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The TRX System, also known as Total Resistance Exercises, refers to a specialized form of suspension training that utilizes equipment developed by former U.S. Navy SEAL Randy Hetrick. TRX is a form of suspension training that uses body weight exercises to develop strength, balance, flexibility and core stability simultaneously. It requires the use of the TRX Suspension Trainer, a performance training tool that leverages gravity and the user’s body weight to complete the exercises. TRX’s designers claim that it draws on research from the military, pro sports, and academic institutions along with experience gathered from the TRX team, who work “with thousands of athletes, coaches, trainers, first responders, subject matter experts, professors, and service members in all branches.”

TRX uses a single strap hung in half, usually from a ceiling, with loops for hands or feet on either end. The singular piece of kit might not look like much, but after a few minutes of this tough workout, you’ll soon be feeling it.

TRX equipment has been a common sight in gyms for some time, but now specially created classes are popping up all over the country. Led by an instructor, classes are a perfect option for anyone wanting to give TRX a go for the first time.

What can I expect from my TRX training session?
  1. Walking through the doors of a new class can always seem daunting, but using the TRX is simpler than it looks.
  2. In most studios, the set up will include a number of different straps at alternating heights around the room depending on the exercises.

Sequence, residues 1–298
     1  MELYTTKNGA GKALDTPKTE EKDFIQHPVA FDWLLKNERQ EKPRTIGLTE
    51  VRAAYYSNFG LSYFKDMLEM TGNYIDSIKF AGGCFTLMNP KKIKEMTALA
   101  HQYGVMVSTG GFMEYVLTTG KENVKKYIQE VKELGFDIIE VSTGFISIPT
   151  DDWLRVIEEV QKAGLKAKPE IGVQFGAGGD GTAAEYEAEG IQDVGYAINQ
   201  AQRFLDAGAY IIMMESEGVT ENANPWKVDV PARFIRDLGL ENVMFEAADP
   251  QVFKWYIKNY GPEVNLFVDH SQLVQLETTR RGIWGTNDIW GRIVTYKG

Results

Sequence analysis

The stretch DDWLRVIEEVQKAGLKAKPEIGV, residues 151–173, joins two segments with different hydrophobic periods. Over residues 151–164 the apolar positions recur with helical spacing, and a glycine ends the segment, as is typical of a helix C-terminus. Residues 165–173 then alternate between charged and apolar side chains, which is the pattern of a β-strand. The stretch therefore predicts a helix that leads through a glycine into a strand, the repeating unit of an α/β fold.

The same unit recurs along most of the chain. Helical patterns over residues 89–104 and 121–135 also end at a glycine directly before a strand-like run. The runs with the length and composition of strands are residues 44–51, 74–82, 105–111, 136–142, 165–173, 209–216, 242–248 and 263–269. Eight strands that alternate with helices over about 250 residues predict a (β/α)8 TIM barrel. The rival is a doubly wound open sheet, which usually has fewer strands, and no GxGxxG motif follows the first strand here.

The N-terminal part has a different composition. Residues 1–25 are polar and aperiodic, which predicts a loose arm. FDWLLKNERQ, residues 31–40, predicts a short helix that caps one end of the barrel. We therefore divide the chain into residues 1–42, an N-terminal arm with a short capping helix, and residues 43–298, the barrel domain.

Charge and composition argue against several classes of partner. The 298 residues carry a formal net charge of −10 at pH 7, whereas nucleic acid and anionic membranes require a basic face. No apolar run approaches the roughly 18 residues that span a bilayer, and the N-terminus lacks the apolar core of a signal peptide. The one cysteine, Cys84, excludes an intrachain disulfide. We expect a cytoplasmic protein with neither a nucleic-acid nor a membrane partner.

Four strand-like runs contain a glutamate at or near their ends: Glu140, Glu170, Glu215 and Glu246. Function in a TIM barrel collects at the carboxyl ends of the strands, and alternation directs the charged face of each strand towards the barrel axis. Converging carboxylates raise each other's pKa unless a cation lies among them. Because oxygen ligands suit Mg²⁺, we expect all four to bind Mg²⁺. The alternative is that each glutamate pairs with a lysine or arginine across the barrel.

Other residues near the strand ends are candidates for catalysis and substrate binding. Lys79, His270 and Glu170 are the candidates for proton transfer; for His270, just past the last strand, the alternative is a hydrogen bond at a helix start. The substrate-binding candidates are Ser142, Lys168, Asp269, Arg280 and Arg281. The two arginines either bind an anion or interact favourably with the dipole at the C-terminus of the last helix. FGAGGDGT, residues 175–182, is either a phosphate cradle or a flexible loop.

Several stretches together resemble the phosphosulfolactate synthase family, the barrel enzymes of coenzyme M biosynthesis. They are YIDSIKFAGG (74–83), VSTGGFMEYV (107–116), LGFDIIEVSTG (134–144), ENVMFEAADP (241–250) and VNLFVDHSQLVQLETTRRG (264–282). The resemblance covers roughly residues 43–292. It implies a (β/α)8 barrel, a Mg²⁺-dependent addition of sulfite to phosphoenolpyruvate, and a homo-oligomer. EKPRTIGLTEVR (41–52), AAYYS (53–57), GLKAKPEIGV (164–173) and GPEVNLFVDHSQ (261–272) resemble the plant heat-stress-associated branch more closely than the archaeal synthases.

3. Higher up straps will be used for upper body exercises like a horizontal pull up or a press up, while the lower straps are better for lunges or plank-based movements.
  4. The instructor will talk you through how to adjust the straps and how to perform each move.
  5. For every exercise, you’ll either be hovering off the ground or leaning into or away from the straps to create the push/pull resistance.
  6. The instructor will keep an eye on tempo and technique, to ensure that you’re activating the right muscles and not going to cause yourself injury.
  7. Once the TRX session comes to an end, you’ll take a few minutes to cool down and stretch out those tired muscles.
  8. Class duration can vary, but most are around 45 minutes
TOP TIP: If you can keep your core engaged, shoulders pulled down and posture aligned throughout, then you’ll be smashing through the reps in no time.